As the Week in Review prepared to go to press this week, news broke that the EU’s top court had ruled that new gene-editing techniques such as CRISPR/Cas9 count as GMOs and should be regulated as such. This goes against the recommendations of the European Academies Science Advisory Council (EASAC)—the body representing the national science academies of the EU member states—and other scientific authorities, whose stance is that a product that does not contain foreign DNA should not fall under GM legislation.
“The potential costs of not using a new technology, or being slow in adoption, must be acknowledged,” EASAC has stated. “There is no time to lose in resolving the problems for food and nutrition security in Europe. More broadly, there should be full transparency in disclosing the process used and the EU should seek to regulate the trait and/or product rather than the technology used in generating that product. That is, when considering safety issues, the focus should be on assessing whether the novel attributes of the plant might represent a risk to the environment or human health, irrespective of the breeding technique employed.” This ruling came as something of a surprise, as European Court of Justice advocate general Michal Bobek had, in January, advised that organisms with no added foreign DNA could be granted exemption from GMO rules. A summary of the ruling may be found here.
In Ethiopia, a conflict continues over the patent right to teff, a grain indigenous to the country and one of its most important staples. Dutch company Health and Performance Food International (HPFI) has registered the patent right for the preparation of teff products in five countries since 2003. Ethiopian legal experts are now preparing to file charges at the International Court of Arbitration to reclaim the patent right for teff. The grain originated in Ethiopia between BC4000 and BC1000.
According to an article in the Ethiopian Herald, “a 2005 agreement between Ethiopia and the Dutch company HPFI gave HPFI access to 12 Ethiopian teff varieties, which it was to use for developing new teff-based products for the European market. In return, the company was to share substantial benefits with Ethiopia, according to the Ethiopian Biodiversity Conservation. HPFI managed to obtain a broad patent on the processing of teff flour in Europe covering ripe grain as well as fine flour, dough, batter and non-traditional teff products. This patent, along with other values of the company, had then been transferred to new companies set up by the same owners, sources indicated.”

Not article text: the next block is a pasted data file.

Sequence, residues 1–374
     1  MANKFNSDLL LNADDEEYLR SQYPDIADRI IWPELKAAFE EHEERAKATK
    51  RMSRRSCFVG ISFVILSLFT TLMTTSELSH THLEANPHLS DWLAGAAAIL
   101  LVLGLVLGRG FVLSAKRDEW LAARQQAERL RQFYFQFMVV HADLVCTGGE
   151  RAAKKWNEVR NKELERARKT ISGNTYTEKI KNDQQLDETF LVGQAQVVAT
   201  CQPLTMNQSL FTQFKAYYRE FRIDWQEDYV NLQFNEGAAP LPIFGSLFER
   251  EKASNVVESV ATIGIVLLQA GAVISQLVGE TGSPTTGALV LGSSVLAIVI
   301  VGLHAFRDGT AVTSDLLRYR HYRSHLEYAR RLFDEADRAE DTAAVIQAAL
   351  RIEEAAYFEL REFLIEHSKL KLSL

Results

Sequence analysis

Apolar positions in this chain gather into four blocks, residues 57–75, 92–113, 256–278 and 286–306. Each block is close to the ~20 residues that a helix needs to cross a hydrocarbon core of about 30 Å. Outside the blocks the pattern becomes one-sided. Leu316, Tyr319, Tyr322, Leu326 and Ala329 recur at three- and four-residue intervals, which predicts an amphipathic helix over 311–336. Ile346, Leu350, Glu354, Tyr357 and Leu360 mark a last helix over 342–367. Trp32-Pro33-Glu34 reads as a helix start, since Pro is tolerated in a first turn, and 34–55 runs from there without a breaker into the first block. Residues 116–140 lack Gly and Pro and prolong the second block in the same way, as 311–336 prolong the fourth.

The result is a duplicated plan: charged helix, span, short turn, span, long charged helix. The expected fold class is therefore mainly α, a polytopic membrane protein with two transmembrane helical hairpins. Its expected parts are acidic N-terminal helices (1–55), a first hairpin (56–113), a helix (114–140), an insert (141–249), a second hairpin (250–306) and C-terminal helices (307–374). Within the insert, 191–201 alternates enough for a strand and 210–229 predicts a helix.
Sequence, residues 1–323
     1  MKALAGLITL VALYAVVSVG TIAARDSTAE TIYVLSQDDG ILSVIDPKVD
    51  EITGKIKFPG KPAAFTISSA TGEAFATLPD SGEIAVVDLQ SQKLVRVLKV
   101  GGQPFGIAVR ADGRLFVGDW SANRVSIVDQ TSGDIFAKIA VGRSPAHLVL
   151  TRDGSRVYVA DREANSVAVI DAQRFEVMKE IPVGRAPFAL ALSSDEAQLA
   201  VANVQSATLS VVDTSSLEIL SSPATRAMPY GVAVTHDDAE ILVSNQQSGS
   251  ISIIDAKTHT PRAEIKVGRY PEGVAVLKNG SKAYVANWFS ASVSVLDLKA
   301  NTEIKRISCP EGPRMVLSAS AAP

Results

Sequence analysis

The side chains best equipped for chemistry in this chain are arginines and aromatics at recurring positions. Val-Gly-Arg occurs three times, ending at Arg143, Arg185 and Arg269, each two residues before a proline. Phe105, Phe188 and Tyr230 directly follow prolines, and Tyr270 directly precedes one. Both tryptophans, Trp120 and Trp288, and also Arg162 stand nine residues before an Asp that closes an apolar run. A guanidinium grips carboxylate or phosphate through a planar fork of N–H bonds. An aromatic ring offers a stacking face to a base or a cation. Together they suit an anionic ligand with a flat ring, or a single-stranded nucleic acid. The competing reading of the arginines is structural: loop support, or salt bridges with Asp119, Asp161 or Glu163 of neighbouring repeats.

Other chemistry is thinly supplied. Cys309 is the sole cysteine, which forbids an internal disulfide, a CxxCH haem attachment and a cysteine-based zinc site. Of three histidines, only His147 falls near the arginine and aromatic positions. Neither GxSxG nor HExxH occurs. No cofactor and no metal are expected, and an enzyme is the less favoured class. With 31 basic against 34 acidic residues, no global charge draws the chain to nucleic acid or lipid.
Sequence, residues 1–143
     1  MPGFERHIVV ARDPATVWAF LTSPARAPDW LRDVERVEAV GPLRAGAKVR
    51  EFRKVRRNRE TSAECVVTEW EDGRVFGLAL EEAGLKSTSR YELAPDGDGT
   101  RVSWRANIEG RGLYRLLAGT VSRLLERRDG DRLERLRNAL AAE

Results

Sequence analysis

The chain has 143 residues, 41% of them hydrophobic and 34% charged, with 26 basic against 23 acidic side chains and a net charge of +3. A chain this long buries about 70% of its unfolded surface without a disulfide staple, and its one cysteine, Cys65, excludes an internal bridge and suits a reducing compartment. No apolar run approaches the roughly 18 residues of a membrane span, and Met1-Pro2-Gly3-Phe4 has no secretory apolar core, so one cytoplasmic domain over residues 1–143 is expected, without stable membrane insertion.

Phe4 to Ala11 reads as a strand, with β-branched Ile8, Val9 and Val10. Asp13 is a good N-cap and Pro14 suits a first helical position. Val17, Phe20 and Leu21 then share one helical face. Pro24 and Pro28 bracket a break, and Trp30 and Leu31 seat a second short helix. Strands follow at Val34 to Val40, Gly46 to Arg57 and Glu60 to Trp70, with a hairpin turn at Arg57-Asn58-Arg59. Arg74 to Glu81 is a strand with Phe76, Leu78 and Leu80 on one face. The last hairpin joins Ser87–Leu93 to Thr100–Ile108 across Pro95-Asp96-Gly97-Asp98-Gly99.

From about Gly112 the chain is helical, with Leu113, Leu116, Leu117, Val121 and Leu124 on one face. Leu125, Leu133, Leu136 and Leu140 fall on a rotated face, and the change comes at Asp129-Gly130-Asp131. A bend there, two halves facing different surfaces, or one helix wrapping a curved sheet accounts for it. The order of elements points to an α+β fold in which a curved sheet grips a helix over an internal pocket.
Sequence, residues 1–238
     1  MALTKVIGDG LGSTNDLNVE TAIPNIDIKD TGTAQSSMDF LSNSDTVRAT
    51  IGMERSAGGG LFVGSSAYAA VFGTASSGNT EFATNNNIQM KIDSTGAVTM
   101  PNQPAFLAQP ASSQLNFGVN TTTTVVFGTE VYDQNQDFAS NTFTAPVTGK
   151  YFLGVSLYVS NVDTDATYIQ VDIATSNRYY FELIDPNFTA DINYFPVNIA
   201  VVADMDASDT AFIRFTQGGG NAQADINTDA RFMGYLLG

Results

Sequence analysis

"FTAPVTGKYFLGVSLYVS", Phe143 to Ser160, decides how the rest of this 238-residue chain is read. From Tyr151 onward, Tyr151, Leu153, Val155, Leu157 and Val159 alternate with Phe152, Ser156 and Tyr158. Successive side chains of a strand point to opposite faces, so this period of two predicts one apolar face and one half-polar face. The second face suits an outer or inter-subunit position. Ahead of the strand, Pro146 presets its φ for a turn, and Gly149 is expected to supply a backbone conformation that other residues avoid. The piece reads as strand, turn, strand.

From the B4FA Fellows, we have two best practice pieces from Uganda. Michael Ssali writes about getting the most out of your farm by seeking the advice and cameraderie of extension workers and fellow farmers. Meanwhile, Lominda Afedraru discusses the best way to increase one’s watermelon yield in “The ABCs of growing watermelons”.
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European court appears poised to rule that gene edited crops should not be regulated as GMOs
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Uganda: The ABCs of growing watermelons
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Uganda: Getting the most out of your farm
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Interested to know about the latest advances in hybrid rice technology? Apply now and be equipped with advanced skills on hybrid rice seed production. Hybrid Seed Production Training, 23-25 October 2018, Hyderabad, India
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